Irrsinn.net: taking joy in human unreason

Like Too Human, Not Like Devil May Cry 4

Me, playing the XBox.So… console systems aren’t so bad after all. But I need game suggestions.

I spent some time this weekend getting more comfortable with our new XBox and PS3. I asked Greg to find me a Diablo-like (because I was driving), and he made me a short list of games to demo, warning me that I probably wasn’t going to find anything really like Diablo/Torchlight (which I have on PC). Their “click-click-click” gameplay style may not translate well to consoles.

His list?

  • Too Human
  • Fable II or III
  • Lara Croft and the Guardian of Light

And maybe some others. A not-so-short list, really.

I grabbed and fired up the Too Human demo, picked the Berserker class, and… wow. Really fun. Fast, smooth, easy controls, interesting background (cybernetic Norse gods!), potentially interesting story, and graphically beautiful. I loved zipping from enemy to enemy seamlessly.

"Too Human" box cover art (European).The played the demo twice again using the other two classes available in the demo (the Champion and the Commando) and was less impressed with their particular styles, but still found the game fun.

Unfortunately, it’s $30 as a download (although $13 as a disk), and so above my quasi-impulse buy point of about $7.

The game also got very mixed reviews, which, after reading them, doesn’t bother me in the least. The reviewers mostly seemed to say, “Hey, this isn’t a very good RPG game.” Which I wouldn’t classify it as anyway.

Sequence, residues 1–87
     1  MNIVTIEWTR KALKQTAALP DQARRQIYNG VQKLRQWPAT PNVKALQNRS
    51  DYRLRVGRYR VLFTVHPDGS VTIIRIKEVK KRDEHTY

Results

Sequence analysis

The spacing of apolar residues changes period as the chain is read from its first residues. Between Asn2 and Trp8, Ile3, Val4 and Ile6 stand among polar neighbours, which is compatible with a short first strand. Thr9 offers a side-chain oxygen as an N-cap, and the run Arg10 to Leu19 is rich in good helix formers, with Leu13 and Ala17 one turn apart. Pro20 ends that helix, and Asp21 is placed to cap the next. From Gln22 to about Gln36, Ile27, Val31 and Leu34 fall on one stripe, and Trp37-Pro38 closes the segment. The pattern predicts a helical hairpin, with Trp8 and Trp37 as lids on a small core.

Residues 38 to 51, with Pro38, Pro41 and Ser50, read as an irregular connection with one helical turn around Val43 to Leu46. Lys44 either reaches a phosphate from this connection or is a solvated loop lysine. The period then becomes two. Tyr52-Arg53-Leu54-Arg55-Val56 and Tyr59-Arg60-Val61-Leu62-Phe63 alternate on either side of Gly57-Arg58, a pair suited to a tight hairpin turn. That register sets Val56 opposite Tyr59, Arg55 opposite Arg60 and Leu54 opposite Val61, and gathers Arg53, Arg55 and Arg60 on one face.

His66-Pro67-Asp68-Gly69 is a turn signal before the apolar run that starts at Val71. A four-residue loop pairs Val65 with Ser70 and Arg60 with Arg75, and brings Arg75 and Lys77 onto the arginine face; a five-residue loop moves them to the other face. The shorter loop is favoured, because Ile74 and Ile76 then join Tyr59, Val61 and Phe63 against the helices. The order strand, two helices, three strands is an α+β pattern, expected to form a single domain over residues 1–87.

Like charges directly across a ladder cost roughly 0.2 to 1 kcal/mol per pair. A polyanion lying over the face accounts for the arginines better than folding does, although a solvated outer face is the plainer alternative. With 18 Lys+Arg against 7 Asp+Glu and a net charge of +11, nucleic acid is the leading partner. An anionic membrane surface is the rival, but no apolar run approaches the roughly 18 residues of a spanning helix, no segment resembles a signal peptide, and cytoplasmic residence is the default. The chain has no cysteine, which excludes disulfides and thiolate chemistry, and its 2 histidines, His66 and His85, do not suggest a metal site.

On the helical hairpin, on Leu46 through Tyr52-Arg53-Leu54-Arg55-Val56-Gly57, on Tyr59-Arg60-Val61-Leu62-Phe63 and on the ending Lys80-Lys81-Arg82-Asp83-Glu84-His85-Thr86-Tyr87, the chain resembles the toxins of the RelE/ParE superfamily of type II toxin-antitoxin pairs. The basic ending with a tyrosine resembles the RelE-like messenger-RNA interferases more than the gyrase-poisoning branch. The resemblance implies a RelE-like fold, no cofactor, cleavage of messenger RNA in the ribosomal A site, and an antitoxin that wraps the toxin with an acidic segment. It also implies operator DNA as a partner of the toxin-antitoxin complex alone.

Greg was surprised that I liked such an actiony game–despite the fact that we just finished (finally!) Borderlands and that I’m neck-deep in Torchlight, and so changed his recommendations. (I couldn’t find a demo of Fable on either system anyway.)

Next up, then, was God of War III (PS3). Modern video game names being what they are, I was confused as to why he wanted me to play that awfully confusing grey-and-brown game that we’d played briefly about a couple of years ago.
Gears of War. ...I don't even know what this is a picture of.
Oh, wait, that’s Gears of War. Whatever.

Anyway, God of War had some of the same smooth gameplay that I liked in Too Human, but it added a layer of complexity that I didn’t appreciate: the hanging/jumping off the birds, the more-awkward switching between the bow and melee, and absolutely worst of all:

The weird quick-time event thing.

I watched Greg play Prince of Persia (2008), so I’m familiar with the weird fight-on-a-script thing, but I felt like God of War totally took away my agency in the battle. I wanted to hit the enemies myself and build my own combos through to the end, and suddenly I had to press one specific button, wait to be told what to press next, watch my character jump around awesomely and growl, press another single button, etc.
God of War vs. some kind of dragon.
It stopped being a fight and started being a cutscene that I had to pay attention to so I could twitch appropriately. I felt more cheated than if they’d just cutscened a finishing move.